So here's what we'll cover next:

  • Android Manifest
  • Simple Layout
  • Java Source Code (Ardcon.java + ConnectedThread.java)

6.1 Android Manifest

 <?xml version="1.0" encoding="utf-8"?>
<manifest xmlns:android="http://schemas.android.com/apk/res/android"
 package="flipser.bluetooth">
   <uses-permission android:name="android.permission.BLUETOOTH"/>
   <uses-permission android:name="android.permission.BLUETOOTH_ADMIN"/>
   <application
 android:allowBackup="true"
 android:icon="@mipmap/ic_launcher"
 android:label="@string/app_name"
 android:supportsRtl="true"
 android:theme="@style/AppTheme">
        <activity android:name=".Bluetooth">
            <intent-filter>
                <action android:name="android.intent.action.MAIN" />
               <category android:name="android.intent.category.LAUNCHER" />
            </intent-filter>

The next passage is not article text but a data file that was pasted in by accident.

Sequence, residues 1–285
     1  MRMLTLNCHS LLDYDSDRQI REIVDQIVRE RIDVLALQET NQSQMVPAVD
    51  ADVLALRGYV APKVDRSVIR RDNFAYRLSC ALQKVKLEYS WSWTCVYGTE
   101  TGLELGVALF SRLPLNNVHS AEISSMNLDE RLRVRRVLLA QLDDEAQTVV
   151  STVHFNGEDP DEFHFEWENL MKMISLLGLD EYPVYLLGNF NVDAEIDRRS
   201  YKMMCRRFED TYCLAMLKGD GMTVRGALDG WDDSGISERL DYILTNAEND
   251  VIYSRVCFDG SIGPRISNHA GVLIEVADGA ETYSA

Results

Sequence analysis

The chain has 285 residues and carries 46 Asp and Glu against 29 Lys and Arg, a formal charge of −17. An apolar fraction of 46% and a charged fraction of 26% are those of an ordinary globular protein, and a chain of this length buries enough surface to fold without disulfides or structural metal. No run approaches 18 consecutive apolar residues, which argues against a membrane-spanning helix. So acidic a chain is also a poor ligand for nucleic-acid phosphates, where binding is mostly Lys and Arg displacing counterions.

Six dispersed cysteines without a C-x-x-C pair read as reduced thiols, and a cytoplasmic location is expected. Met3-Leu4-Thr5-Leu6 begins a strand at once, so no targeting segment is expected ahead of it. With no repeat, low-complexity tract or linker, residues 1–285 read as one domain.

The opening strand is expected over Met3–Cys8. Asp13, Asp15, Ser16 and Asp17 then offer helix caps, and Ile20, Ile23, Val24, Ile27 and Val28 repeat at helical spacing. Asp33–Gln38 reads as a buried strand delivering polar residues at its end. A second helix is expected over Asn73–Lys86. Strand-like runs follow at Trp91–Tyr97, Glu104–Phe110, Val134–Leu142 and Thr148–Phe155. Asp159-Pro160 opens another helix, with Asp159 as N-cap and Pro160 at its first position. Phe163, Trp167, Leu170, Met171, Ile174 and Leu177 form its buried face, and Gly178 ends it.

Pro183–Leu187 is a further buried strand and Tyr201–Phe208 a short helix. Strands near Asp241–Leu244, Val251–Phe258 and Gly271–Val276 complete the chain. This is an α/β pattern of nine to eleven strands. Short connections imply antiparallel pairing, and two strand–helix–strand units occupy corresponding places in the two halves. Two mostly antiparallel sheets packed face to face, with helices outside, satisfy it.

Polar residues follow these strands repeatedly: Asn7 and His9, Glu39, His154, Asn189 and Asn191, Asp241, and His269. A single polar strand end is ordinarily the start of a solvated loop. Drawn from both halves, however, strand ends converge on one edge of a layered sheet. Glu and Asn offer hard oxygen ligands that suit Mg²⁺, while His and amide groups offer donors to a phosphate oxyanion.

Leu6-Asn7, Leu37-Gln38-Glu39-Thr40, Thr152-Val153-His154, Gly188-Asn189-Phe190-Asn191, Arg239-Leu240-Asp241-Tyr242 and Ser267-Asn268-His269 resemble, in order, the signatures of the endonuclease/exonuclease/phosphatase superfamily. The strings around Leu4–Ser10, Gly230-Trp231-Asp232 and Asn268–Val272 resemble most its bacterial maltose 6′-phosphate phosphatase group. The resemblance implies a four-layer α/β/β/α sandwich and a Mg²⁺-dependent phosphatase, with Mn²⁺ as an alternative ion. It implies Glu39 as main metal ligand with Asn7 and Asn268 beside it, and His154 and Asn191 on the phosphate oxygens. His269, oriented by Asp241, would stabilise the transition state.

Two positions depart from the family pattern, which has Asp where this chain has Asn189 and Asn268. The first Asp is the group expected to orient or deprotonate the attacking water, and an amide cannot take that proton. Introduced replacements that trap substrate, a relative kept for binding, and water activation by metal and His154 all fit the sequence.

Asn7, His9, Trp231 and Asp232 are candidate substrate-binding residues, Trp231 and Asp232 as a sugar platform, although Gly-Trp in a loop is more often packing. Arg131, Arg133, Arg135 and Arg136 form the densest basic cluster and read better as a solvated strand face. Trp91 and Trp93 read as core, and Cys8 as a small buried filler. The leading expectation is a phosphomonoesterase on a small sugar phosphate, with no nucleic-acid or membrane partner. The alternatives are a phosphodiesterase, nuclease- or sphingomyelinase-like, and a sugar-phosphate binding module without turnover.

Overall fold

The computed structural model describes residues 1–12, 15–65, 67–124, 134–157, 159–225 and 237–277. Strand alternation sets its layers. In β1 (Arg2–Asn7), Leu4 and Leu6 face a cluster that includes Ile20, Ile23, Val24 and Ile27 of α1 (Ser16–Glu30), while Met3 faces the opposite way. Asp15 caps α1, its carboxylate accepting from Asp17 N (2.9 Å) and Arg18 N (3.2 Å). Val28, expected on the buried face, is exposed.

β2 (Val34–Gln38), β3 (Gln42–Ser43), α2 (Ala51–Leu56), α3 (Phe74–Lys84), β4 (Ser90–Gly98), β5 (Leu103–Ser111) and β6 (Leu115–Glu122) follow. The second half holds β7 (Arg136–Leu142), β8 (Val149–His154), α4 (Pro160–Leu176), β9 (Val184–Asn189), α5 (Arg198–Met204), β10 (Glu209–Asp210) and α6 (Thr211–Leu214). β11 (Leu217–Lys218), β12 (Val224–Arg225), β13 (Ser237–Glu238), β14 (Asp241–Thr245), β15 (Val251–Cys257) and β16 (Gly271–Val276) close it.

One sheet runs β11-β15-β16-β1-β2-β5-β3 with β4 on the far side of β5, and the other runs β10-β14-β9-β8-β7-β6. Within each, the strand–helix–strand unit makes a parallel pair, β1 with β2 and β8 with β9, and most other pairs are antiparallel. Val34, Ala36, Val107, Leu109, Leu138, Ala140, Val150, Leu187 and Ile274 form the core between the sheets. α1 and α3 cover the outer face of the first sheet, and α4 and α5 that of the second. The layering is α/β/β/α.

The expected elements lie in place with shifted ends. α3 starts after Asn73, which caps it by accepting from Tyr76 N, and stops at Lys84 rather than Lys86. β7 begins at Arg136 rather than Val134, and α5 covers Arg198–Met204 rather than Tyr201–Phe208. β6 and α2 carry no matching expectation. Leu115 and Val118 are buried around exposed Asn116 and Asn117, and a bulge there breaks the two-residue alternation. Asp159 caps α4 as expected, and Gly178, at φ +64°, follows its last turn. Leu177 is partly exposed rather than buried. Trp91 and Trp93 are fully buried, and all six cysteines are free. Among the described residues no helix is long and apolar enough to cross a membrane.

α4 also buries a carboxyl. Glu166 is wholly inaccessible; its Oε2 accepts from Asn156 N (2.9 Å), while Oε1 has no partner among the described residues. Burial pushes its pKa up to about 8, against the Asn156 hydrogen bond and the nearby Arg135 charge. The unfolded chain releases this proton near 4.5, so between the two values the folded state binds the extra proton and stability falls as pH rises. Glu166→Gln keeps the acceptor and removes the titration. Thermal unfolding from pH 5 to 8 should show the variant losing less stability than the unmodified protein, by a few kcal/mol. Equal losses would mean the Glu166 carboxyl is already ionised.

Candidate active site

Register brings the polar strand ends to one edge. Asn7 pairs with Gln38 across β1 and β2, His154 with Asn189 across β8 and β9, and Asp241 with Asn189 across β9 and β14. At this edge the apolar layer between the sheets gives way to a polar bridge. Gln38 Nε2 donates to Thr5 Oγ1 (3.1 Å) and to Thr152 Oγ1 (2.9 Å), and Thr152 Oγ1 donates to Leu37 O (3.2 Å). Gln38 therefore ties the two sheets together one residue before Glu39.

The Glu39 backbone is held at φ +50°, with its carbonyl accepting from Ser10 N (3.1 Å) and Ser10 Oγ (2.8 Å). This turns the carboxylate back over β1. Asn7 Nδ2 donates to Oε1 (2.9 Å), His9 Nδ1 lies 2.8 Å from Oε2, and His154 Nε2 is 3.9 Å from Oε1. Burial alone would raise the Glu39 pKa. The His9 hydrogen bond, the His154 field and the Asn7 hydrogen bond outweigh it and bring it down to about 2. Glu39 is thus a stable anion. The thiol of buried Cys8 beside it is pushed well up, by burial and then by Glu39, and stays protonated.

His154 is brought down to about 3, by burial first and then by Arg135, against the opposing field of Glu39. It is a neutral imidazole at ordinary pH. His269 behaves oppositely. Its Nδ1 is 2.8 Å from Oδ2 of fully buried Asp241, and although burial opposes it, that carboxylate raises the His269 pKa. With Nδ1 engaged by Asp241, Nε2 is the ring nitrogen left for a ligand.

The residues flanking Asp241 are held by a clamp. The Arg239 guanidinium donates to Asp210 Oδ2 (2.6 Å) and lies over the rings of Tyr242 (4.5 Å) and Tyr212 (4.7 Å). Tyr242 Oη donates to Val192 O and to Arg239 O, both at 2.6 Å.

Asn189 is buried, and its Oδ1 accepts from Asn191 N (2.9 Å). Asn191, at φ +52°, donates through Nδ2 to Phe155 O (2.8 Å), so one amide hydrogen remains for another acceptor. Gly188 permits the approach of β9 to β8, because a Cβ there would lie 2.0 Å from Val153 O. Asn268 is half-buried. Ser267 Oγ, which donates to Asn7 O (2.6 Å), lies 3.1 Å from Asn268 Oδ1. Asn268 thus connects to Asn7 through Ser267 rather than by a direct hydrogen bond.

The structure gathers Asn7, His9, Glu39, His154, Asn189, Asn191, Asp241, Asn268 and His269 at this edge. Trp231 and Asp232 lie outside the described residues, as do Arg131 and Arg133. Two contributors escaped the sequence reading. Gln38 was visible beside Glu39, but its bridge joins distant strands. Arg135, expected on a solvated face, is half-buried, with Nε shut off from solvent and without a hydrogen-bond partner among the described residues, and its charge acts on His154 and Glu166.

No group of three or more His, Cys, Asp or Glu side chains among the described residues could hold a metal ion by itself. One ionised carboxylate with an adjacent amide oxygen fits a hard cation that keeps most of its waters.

</activity>
    </application>
</manifest>

The android manifest describes the application's main structure and what OS's functionalities will the app make use of. In our case we need to include permissions related to the Bluetooth interface. As we can see from the code shown above, the following lines were inserted in order to use the OS's Bluetooth functionalities:

<uses-permission android:name="android.permission.BLUETOOTH"/>

<uses-permission android:name="android.permission.BLUETOOTH_ADMIN"/>

6.2 Simple Layout

The layout is presented in the following figure:

The Text view is used only to output the messages sent by the Arduino + Bluetooth module. For instance, by sending a message to the arduino, it will send back to the smartphone a response if it was sucessfull, displaying that message in the Text View. Then we have two buttons, the Relay button and Light button to turn on/off the built-in LED found on the Arduino. I believe that it is not necessary to include the code in this case since all you need to do is drag two buttons and a text view somewhere you would like to place it.

6.3 Java Source Code

(Ardcon.java)